Saturday, June 06, 2009

Telling It Like It Is

I know this album isn't new, and I've been sitting on it for a while now, but I still felt the need to post on it 'cause it's just that damn good. I've honestly been spinning it for months now, but for whatever reason (I can come up with a whole list of excuses if you want them), it's taken this long for me to share it with you all. It's the second album from Bronx born Stephanie McKay, but her first album to be released state-side. Originally, Tell It Like It Is was released a few years ago overseas, but it wasn't until March of this year that it was available to us here in the States.

What makes that fact especially hard to believe is that McKay has been slaving away behind the microphone for other groups since the early 90's. Over that period of time, she's worked with artists such as the Brooklyn Funk Essentials, Kelis, Talib Kweli, Mos Def, Roy Hargrove’s RH Factor, Amp Fiddler, and many others. Finally, in the last few years, she's been able to strike out on her own and record an album with her front and center, instead of as a secondary contributor. I'll be honest with you, her name didn't stand out in my mind before listening to this album, but since I have, I've tracked down her work with many of the musicians listed above.

So anyway, this album does a fine job of presenting Stephanie front and center with all of her vocalistic intensity. It mixes soul, R&B, and hip-hop in a filling recipe that burns right through from beginning to end without a hiccup. I think one of the things that I like most about it is her confident sass, regardless of the material or the style. You can tell she's a girl who isn't afraid to stand up for herself or her friends, hence the title of the album. She's equally confident celebrating the summer in the hip-hopesque Jackson Avenue, a true throw-back jam that gives a shout out to all that summer's about (and which should appear on any summer mix-tape you plan on assembling), as when things slow down with the soulful Where Did Our Love Go?, which also features Anthony Hamilton providing some backing male counterpoint to her sensualness.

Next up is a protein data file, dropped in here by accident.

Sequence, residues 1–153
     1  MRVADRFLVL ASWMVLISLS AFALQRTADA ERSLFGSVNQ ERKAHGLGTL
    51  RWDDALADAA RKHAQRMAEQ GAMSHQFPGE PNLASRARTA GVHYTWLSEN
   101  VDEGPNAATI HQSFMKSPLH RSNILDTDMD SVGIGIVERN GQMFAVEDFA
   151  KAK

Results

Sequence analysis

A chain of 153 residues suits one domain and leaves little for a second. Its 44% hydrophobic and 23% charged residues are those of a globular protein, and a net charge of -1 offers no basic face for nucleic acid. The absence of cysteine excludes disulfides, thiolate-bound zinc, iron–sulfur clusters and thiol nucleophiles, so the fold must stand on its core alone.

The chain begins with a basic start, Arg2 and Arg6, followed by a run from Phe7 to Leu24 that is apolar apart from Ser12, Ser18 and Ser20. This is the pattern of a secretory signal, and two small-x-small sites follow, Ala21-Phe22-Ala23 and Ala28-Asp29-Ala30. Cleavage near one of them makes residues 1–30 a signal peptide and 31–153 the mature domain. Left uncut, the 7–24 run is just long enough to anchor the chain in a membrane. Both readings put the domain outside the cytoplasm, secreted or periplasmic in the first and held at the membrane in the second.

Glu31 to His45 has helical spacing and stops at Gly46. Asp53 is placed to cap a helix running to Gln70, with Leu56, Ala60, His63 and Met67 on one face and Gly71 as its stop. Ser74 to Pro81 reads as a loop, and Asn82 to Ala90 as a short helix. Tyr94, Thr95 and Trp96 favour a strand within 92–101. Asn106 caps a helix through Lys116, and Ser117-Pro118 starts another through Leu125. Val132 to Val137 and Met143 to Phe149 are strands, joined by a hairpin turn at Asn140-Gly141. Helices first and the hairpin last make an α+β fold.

The bottom line is that this album grooves deep, and should be on your list of to buy immediately.

a collaboration:

Visit her website, her label Muthas Of Invention, and become her friend on MySpace.

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